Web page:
In Norway, aquaculture expert Oxyvision and Trelleborg teamed up to develop a system that pumps oxygen into offshore fish farms, helping fish remain healthy and grow bigger.
Oxyvision, a Norwegian startup founded in 2000, made a commercial breakthrough towards the end of 2007 with the Oxyvision controlled oxygen-injection system for offshore fish farms and they already have hundreds of installations around the world.
Pumping oxygen into fish pens to help keep fish healthy and allow them to grow bigger, it is built exclusively with customized Trelleborg rubber hoses, fittings and connectors.
"OxyVision started as an idea to help the growth rate of the fish, reduce their mortality and increase their feed utilization through better oxygen control” says Nils Hovden, Sales Director at Oxyvision.
Oxygen is vital for all animals. In a fish pen, soluble oxygen can be adversely affected by salinity or other factors such as the number of fish, the season, seaweed blooms and so on.
The core problem is that fish need more oxygen as the water temperature increases. However, as the water temperature increases, the available oxygen and its solubility in water decreases.
Oxyvision’s ingenious solution was developed by the company’s two founders, Anders Næss and Martin Gausen, who met while studying for their PhDs in aquaculture at the University of Trondheim, Norway. Their concept was a system that could distribute oxygen over an area as large as 10,000 square meters.
“We approached Trelleborg to see if they could industrialize a rubber hose for the oxygen delivery system” says Hovden. “Trelleborg believed in our idea, and they’ve been very supportive.” “We tried and tried before we found the ideal solution” says Eivind Spiten, Technical Manager at Trelleborg in Oslo, Norway.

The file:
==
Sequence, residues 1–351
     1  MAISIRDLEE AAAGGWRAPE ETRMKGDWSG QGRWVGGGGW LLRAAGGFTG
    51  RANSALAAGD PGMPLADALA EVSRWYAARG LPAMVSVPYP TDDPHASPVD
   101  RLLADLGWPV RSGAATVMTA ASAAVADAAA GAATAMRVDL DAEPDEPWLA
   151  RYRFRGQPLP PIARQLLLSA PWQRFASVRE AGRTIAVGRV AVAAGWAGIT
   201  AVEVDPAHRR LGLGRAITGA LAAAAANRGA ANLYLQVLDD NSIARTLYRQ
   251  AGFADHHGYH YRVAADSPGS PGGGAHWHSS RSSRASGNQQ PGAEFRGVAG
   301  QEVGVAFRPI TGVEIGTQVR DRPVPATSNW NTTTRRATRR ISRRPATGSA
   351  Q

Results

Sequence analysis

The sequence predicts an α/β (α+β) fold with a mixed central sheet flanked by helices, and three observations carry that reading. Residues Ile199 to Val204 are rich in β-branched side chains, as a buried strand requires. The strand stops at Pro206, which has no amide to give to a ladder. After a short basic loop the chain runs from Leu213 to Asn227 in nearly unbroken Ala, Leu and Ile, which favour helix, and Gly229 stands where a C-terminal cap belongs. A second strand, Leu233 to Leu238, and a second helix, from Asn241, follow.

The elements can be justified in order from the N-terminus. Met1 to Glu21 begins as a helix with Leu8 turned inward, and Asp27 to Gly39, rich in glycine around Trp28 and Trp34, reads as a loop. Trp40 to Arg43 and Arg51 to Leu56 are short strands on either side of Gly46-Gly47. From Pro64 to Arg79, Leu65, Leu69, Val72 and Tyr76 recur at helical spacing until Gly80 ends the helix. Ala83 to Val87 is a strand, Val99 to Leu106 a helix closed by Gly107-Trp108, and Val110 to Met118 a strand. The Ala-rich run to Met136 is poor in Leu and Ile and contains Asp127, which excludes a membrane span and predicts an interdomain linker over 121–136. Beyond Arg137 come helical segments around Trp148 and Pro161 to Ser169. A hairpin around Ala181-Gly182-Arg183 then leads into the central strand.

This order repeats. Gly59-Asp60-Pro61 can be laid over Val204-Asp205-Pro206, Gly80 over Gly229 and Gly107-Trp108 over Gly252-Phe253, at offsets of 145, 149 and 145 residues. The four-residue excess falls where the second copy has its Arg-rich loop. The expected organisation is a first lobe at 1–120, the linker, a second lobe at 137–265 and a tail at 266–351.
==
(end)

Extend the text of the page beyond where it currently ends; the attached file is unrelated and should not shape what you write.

“The most difficult things were getting the hardness of the rubber right and finding the right size of micro hole. We needed small holes so that the oxygen would properly diffuse into the water.”
Oxygenating a fish pen with a standard hose in the open sea would create such big bubbles that they would float to the surface and dissipate into the air, bypassing the fish.
The resulting unique OxyVision system consists of a grid of rubber hoses that is sunk about 10 meters down inside a net pen. Pure oxygen is then pumped through the system for dispersion throughout the whole volume of the pen. Micro pores ensure that oxygen is properly dissolved in the water and is spread vertically over large areas.
According to Hovden, when the company was started, little academic or technical research had been done on the effects of low oxygen on fish performance.
Oxyvision, worked with EWOS Innovation, the world’s second-largest feed producer for fish farming and Rogaland Research, an independent Norwegian research institute, to do its own research.
“We found that deoxygenated water has a seriously adverse effect on the growth and feed efficiency of salmon” says Hovden.